A(4, 2), which appears as a decimal expansion in several web pages, cannot possibly be computed by simple recursive application of the Ackermann function in any tractable amount of time. Instead, shortcut formulas such as A(3, n) = 8×2n−3 are used as an optimization to complete some of the recursive calls.

A practical method of computing functions similar to Ackermann's is to use memoization of intermediate results. A compiler could apply this technique to a function automatically using Donald Michie's "memo functions".


The first implementation in a programming language was written in the Fortran programming language in 1964, see H. Gordon Rice, Recursion and iteration, Commun. ACM, 8(2), 1965, pp. 114--115.)

In the C programming language, it can be implemented like this:

unsigned int ackermann(unsigned int m, unsigned int n) {

 if (m == 0)
   return n + 1;
 else if (n == 0) /* m will be > 0 here */
   return ackermann(m-1, 1);
 else /* both m and n will be > 0 */
   return ackermann(m-1, ackermann(m, n - 1));

In the Haskell language, it can be implemented like this:

ack 0 n         = n+1
ack (m+1) 0     = ack m 1
ack (m+1) (n+1) = ack m (ack (m+1) n)

Ackermann numbers

Related to the Ackermann function but in fact different are the Ackermann numbers, a sequence where the nth term equals:

begin{matrix} n underbrace{uparrowdotsuparrow} n


in the Knuth's up-arrow notation, or

  • n to n to n

in the Conway chained arrow notation.

For instance, the first three Ackermann numbers are

which equal the following:
*11 = 1
*{ ^{2}2} = 4
*{ ^{^{^3}3}3} = 3uparrowuparrow3uparrowuparrow3 = begin{matrix} underbrace{qquadquad3^{3^{3^{3^{3^{3^{.^{.^{.^{3}}}}}}}}}qquadquad} 3^{27}{rm or } 7625597484987{rm threes}end{matrix}

An attempt to express the fourth Ackermann number, 4uparrowuparrowuparrowuparrow4, using iterated exponentiation as above would become extremely complicated. However, it can be expressed using tetration in three nested layers as shown below. Explanation: in the middle layer, there is a tower of tetration whose full length is ^{^{^{^4}4}4}4 and the final result is the top layer of tetrated 4's whose full length equals the calculation of the middle layer. Note that by way of size comparison, the simple expression ^{^4}4 already exceeds a googolplex, so the fourth Ackermann number is quite large.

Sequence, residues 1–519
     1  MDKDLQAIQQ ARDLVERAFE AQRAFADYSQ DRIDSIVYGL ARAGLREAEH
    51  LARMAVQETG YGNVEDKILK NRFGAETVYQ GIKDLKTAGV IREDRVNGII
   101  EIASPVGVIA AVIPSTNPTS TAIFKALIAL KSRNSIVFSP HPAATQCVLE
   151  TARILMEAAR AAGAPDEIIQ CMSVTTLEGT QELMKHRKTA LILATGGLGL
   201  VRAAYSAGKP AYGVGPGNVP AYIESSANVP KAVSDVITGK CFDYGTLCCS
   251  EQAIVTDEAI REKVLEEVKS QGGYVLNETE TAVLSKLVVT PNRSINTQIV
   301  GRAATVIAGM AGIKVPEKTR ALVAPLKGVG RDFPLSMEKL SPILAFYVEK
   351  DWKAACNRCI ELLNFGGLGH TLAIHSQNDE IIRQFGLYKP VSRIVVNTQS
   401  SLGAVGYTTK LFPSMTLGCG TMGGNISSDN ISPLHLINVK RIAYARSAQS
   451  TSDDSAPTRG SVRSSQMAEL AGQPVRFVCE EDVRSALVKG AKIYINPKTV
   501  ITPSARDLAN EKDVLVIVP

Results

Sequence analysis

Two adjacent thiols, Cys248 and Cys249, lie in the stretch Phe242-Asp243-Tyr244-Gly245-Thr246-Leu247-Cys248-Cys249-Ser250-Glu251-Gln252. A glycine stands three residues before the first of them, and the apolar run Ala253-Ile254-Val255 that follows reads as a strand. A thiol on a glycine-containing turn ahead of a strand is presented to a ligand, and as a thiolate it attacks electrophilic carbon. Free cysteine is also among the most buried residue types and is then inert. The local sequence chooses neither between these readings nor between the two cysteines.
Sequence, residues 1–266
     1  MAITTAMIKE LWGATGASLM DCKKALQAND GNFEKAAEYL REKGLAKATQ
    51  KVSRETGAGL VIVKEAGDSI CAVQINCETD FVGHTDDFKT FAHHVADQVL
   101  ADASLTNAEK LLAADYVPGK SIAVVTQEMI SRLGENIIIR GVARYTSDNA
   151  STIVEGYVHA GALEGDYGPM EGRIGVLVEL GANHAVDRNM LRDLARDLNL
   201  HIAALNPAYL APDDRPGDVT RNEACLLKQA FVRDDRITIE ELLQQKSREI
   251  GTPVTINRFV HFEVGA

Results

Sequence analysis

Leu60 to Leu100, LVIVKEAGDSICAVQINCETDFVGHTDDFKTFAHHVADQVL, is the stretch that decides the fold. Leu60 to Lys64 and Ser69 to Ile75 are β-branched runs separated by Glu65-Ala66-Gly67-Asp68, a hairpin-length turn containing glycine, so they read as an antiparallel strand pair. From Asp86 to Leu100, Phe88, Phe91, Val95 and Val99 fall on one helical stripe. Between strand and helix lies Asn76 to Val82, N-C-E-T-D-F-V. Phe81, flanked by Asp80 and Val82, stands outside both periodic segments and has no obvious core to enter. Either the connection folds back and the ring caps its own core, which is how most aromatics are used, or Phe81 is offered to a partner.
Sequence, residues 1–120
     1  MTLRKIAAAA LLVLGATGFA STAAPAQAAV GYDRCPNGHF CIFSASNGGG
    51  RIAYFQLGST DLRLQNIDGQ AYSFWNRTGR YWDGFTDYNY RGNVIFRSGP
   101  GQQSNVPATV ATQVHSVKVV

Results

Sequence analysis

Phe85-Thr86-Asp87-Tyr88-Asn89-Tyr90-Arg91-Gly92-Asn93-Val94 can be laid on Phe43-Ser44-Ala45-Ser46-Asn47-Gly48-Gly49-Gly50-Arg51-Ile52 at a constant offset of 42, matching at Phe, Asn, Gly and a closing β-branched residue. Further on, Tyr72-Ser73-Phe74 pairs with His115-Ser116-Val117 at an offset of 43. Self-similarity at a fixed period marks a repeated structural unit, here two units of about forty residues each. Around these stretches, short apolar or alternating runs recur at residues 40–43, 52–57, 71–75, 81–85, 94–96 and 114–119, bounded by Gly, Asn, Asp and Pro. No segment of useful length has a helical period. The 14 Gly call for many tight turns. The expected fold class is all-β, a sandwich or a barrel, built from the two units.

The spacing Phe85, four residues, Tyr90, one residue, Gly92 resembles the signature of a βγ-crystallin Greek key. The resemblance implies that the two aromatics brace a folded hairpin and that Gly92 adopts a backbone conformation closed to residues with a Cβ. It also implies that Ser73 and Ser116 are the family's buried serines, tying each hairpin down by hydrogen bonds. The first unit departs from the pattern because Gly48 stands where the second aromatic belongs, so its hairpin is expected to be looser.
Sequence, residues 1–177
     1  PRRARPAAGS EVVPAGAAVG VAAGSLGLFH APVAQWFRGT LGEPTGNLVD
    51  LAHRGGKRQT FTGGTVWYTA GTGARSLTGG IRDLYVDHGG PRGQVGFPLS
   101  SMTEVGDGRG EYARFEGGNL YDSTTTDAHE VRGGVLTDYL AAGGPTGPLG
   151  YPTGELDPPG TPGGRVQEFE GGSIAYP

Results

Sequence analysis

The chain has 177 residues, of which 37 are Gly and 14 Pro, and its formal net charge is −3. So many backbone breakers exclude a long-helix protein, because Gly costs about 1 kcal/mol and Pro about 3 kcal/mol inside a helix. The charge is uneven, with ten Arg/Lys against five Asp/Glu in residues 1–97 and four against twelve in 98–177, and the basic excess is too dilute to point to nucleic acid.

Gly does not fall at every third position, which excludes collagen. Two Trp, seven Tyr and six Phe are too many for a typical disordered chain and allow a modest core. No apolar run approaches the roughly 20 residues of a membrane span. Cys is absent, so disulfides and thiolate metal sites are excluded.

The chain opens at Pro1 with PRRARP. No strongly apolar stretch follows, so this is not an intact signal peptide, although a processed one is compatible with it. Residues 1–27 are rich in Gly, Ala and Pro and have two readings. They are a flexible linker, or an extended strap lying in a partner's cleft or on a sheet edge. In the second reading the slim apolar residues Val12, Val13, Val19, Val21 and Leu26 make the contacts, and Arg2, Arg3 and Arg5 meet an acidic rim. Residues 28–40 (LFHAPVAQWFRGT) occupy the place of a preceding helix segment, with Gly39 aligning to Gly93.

begin{matrix} underbrace{begin{matrix} underbrace{^{^{^{^{^{^{^{4}.}.}.}4}4}4}4} ^{^{^{^{^{^{^{4}.}.}.}4}4}4}4 end{matrix}} ^{^{^{^4}4}4}4 end{matrix}

In popular culture

Randall Munroe has mentioned the Ackermann function in his popular web-comic xkcd. In the comic, Munroe makes reference to the Ackermann function with Graham's number as the arguments. At the time, he considered this to be the largest number ever concisely defined and named it "The xkcd number".

A question involving this function was posed at the International Mathematical Olympiad, the most significant mathematics competition for school age students, in 1981. "International Mathematics Olympiad Problems, Year 1981". Retrieved on 2008-10-06..

See also

Notes and references

External links